‘The opposite of addiction is connection’

Sep 5, 2023

For many, Thursday, Aug. 31 was just another day as a sunny three-day holiday weekend approached.

But it was also Overdose Awareness Day, a painful reminder of the lives in Wareham and beyond that have been lost to overdose deaths.

Among Plymouth County municipalities, Brockton, Plymouth and Wareham have the highest counts of reported overdose deaths, according to Keoscha Pina, an employee of High Point Treatment Center.

According to the Massachusetts Department of Public Health, Wareham had 126 reported overdose deaths in the last eight years.

Brockton and Plymouth, which reported the highest counts of overdose deaths for Plymouth County in 2022, had approximately .58 and .30 deaths for every 1,000 residents, respectively.

Wareham had approximately one death per 1,000 residents — the highest in the county for 2022 and making up 13% of the county’s overall overdose deaths for the year.

“It seems like at this point, everybody either knows somebody that struggled with it, or maybe even have immediate family members, so it’s not something we see in just bigger cities anymore,” said Patrick MacDonald, director of the town's Health Department.

There is no easy solution, but local people and institutions are trying. 

Two women from the High Point Treatment Center staffed a table at the weekly Summer of Love concert in Wareham on Wednesday, Aug. 30. Town officials are considering how to spend Wareham's piece of settlement money from a class-action suit against drug makers. And both Tobey Hospital and the Wareham Police have programs designed to get addicts into treatment.

“This is an epidemic that’s unfortunately, across the country,” said MacDonald.

Last year, Massachusetts received $525 million in funds to go toward prevention, harm reduction, treatment and recovery programs that will be dispensed among towns over the course of several years.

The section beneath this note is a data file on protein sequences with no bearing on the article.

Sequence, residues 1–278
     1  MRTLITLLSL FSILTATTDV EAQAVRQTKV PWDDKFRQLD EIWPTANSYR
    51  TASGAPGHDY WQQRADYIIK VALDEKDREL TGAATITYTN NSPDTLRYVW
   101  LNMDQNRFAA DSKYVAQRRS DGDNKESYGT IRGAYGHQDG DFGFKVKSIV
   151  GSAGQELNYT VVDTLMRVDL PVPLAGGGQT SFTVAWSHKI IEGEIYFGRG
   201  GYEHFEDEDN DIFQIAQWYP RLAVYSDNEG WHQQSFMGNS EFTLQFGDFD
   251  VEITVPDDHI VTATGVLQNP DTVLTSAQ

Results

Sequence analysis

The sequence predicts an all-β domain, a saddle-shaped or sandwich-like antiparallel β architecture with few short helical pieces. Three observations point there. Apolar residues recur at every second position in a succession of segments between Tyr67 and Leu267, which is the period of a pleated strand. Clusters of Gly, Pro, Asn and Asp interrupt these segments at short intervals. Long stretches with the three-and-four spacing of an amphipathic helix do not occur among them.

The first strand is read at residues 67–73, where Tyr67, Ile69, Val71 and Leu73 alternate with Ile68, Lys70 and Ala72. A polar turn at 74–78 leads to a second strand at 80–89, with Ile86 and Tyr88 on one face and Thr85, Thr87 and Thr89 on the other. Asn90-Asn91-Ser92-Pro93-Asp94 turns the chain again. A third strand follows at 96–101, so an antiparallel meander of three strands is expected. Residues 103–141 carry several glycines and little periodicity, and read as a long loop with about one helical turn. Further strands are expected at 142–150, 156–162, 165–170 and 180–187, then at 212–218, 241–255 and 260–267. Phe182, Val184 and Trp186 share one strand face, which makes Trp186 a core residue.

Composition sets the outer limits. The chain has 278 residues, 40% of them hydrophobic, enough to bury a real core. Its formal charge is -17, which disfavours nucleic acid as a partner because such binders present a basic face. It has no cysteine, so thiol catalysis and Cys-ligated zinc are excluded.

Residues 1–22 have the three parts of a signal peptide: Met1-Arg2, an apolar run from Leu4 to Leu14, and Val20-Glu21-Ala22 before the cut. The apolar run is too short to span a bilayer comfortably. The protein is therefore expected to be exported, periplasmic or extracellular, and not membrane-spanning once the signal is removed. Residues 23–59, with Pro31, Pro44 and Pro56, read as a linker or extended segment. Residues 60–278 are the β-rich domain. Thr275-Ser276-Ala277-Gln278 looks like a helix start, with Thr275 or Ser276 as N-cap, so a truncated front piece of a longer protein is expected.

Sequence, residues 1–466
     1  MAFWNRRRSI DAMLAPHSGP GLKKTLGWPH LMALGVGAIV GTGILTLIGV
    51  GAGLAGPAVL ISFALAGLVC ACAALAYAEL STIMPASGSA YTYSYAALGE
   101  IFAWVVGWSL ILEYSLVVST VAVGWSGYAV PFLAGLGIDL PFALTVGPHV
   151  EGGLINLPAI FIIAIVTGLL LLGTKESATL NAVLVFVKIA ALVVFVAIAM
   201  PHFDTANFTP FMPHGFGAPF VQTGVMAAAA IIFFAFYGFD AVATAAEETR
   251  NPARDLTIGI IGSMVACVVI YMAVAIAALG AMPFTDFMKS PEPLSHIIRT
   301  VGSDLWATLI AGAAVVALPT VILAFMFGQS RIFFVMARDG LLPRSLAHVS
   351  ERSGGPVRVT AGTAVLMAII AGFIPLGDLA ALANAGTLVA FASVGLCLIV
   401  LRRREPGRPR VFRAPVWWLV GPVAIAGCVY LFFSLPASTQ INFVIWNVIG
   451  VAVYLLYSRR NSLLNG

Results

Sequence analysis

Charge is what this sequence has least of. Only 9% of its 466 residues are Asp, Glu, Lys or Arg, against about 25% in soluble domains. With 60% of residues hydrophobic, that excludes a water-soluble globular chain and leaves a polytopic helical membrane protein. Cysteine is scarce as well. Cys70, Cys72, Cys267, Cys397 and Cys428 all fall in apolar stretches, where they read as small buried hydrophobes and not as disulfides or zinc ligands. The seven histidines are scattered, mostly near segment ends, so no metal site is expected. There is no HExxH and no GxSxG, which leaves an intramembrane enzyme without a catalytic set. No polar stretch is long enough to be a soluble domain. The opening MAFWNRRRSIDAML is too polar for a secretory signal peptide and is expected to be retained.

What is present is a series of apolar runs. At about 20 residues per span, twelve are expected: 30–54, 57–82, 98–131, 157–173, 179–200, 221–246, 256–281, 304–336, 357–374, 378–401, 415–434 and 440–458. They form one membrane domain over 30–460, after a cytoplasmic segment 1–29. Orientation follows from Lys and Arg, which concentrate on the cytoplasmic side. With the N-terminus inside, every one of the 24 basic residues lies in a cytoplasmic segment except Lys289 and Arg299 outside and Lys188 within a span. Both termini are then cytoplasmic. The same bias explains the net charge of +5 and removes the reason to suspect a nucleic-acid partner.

Wareham is expected to receive more than $750,000 in cumulative payments over 16 years as part of a statewide settlement with opioid distributors and manufacturers.

MacDonald said with strict guidelines on how the money can be spent and more money possibly coming in from additional lawsuits, the town has yet to decide where to put those funds.

He said, “We’re going to try to have some programs put together and really try to spend that money effectively so that we can hopefully help people.”

In the meantime, town departments and community organizations are putting their efforts toward connecting residents with needed services.

MacDonald said in Tobey Hospital’s emergency room renovations, different spaces have been set up where counselors can meet with people seeking treatment. 

He said in recent years, the Wareham Police Department began working with Plymouth County Outreach, which is an organization that collaborates with 27 municipal police departments in the county to help connect people with resources, services and tools to combat substance abuse.

The organization assists with follow up when the department encounters someone who is using or who may have overdosed.

He said the New Bedford Coalition also drives around to do needle exchanges and hand out information pamphlets.

On Wednesday, Aug. 30, High Point Treatment Center’s Keoscha Pina and Mae Hickey held an informational table during the Onset Bay Association’s Concert of Love performance at the Bandshell.

Pina and Hickey provided information on resources and services while also handing out Narcan and pamphlets with additional messaging. 

“We always say the opposite of addiction is connection and the more people we can get connected to education and other people who have experienced this in their life the more we can build a really strong community that protects each other,’’ Hickey said. 

She said she encourages everyone to learn more, share information and show support.

“There’s no right way to recover and there’s no right way or wrong way to support someone in recovery,” Hickey added. “Listening, learning, educating and being open minded – sometimes those are the only things that you can do, but they can be the most powerful things.”

High Point Treatment Center, based in Plymouth, also runs a number of substance abuse prevention coalitions with different communities, including Wareham, which is known as Wareham Connects.

The next meeting will be held Thursday, Sept. 28 from 11:30 a.m. to 12:30 p.m. at the Town Hall in Room 27.